Ensuring that each child in Texas has a solid education is among the most imperative tasks before Texas Education
authorities. For parents, teachers, employers, or members of the community, the education of its children has far-reaching implications on the future of Texas. Educating young people prepares a skilled workforce for tomorrow's competitive economy.
experts believe that over the next 35 years, almost half of the new manufacturing jobs in Texas will be in industries related to high technology, including computers, semiconductors, and telecommunications. Preparing workers to function in these industries will enhance Texas' ability to thrive in a competitive market.
In the Texas Education
scenario, 46 percent of all students are Anglo, 37 percent are Hispanic, 14 percent African American, and 3 percent are classified as 'Other' racial/ethnic groups. While 54 percent of all students are ethnic minorities, only 24 percent of all teachers are members of minority groups. Almost half (48.1%) of all students in Texas are considered to be 'economically disadvantaged'. The term economically disadvantaged includes children in poverty, but also those living just above the poverty line. Under the Texas Education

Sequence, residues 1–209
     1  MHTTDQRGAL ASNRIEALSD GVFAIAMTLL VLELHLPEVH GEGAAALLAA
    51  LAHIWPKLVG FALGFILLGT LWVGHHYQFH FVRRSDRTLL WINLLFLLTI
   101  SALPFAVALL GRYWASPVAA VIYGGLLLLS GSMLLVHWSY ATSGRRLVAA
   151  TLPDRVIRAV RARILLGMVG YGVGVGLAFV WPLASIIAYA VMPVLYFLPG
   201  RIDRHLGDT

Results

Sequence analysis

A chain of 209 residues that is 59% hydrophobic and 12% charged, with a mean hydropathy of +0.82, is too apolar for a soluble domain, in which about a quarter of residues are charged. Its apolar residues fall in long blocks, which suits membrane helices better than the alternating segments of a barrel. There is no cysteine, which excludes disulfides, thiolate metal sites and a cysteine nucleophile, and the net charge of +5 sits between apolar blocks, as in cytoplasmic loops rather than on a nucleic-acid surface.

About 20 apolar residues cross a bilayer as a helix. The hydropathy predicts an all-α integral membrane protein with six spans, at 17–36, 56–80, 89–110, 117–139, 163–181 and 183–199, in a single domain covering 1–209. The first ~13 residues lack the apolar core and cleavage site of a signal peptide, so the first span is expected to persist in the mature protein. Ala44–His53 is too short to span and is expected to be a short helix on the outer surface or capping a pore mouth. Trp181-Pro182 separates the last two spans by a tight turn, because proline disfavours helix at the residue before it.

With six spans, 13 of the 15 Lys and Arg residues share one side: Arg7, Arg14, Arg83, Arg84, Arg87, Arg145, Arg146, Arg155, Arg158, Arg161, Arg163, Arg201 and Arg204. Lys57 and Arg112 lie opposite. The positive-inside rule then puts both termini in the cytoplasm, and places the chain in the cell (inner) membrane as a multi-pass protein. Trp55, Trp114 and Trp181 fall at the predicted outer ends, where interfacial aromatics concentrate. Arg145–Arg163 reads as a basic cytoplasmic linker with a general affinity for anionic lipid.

system, children who are economically disadvantaged are eligible for free or reduced-price breakfast and lunch.